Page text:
o For more information regarding tuberculous uveitis, see: https://eyewiki.aao.org/w/index.php?title=Tuberculosis_Uveitis&oldid=74174

• Endophthalmitis: Any active TB lesion within the eye can seed the vitreous fluid and lead to TB endophthalmitis. TB endophthalmitis can be sight-threatening and delay in diagnosis and anti-TB therapy can result in significant and permanent loss of vision.[15]

• Retina: Retinal involvement in TB is typically secondary to choroidal infection with the bacterium. As with uveitis, tubercles may be present. TB vasculitis of the retina can lead to neovascularization and eventual retinal hemorrhages.[16]

• Cranial Nerves: Optic nerve involvement in TB can result from both primary disease and secondary disease. Similar to other infectious or inflammatory causes of optic neuropathy, TB optic neuropathy may present with optic nerve edema, disc granuloma, or may be retrobulbar. TB papillitis can be associated with optic nerve tubercles and anterior or posterior TB uveitis.[17] Other cranial nerve involvement, particularly the abducens nerve, is common and found in over one-third of patients with TB meningitis. TB can also involve the brain parenchyma, the brainstem, cerebellum, or cavernous sinus.[18] TB has also been reported to cause third, fourth, or sixth cranial nerve palsy.


Pulmonary TB can be divided into active or latent TB. Latent TB may have a positive TB skin test (TST) or a positive Interferon-Gamma Release Assay (IGRA) but the chest x-ray is negative for active TB (i.e., no hilar lymphadenopathy or cavitary lung lesions).[19] Active TB, on the other hand, shows active lesions on chest x-ray and a sputum sample stained for acid-fast bacteria may be diagnostic.[19]

In contrast, ocular TB is more difficult to diagnose. Fluid collected from the eye is often negative for TB on both culture and PCR, especially when posterior structures of the eye are affected.[20] To date, promising diagnostic technologies include IGRAs sampled directly from ocular fluid, as well as further advancement of PCR techniques.[20][21] Especially in resource-limited countries where ocular TB is most prominent, access to such diagnostics is scarce and many clinicians are forced to presume a diagnosis of ocular TB when other systemic signs of TB are present in conjunction with expected TST and chest x-ray findings as described above. Additionally, clinical ophthalmic improvement with antti-TB medications has often been used as a retro-diagnostic tool for ocular TB.[20]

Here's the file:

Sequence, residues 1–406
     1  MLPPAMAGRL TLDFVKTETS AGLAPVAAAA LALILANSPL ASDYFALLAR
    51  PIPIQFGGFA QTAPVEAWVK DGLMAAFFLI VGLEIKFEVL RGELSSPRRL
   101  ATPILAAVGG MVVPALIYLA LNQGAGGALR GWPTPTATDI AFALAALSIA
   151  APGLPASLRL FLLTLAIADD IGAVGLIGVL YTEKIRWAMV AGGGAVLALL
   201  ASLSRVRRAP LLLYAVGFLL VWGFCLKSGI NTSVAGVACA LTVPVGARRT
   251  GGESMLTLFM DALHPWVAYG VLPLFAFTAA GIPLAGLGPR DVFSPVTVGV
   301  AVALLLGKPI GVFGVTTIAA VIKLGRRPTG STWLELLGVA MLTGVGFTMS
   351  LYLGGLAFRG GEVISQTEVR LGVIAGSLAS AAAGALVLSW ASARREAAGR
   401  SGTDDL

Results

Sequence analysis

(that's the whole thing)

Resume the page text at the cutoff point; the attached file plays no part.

As with pulmonary TB, ocular TB often requires multi-drug TB therapy (e.g., rifampin, isoniazid, pyrazinamide, and ethambutol).[22] Treatment for ocular TB is similar to pulmonary TB and may require four-drug therapy for up to two months followed by two-drug therapy (rifampin and isoniazid) for up to four months.[23] The role of steroids for ocular TB (systemic or topical) remains controversial.[23]

In addition, TB treatment with ethambutol can cause visual loss as a side effect. Ethambutol-induced optic neuropathy can mimic ocular TB (e.g., decreased visual acuity, visual field defects, and dyschromatopsia).[24] Additionally, isoniazid has reportedly been associated with optic neuropathy, retrobulbar optic neuritis, and optic atrophy, although with less of a frequency than with ethambutol.[25]

A meta-analysis showed that multi-drug anti-TB therapy resulted in 92% improvement in ocular inflammation with 69% improved visual acuity, and 84% without recurrence of their TB after treatment.[23]


Clinicians should be aware of the ocular (e.g., anterior or posterior uveitis) and neurologic manifestations of TB (e.g., meningitis, optic neuritis, cranial neuropathy, encephalitis). Anti-TB therapy might require multi-drug therapy. Some anti-TB treatments have visual side effects (e.g., ethambutol, isoniazid).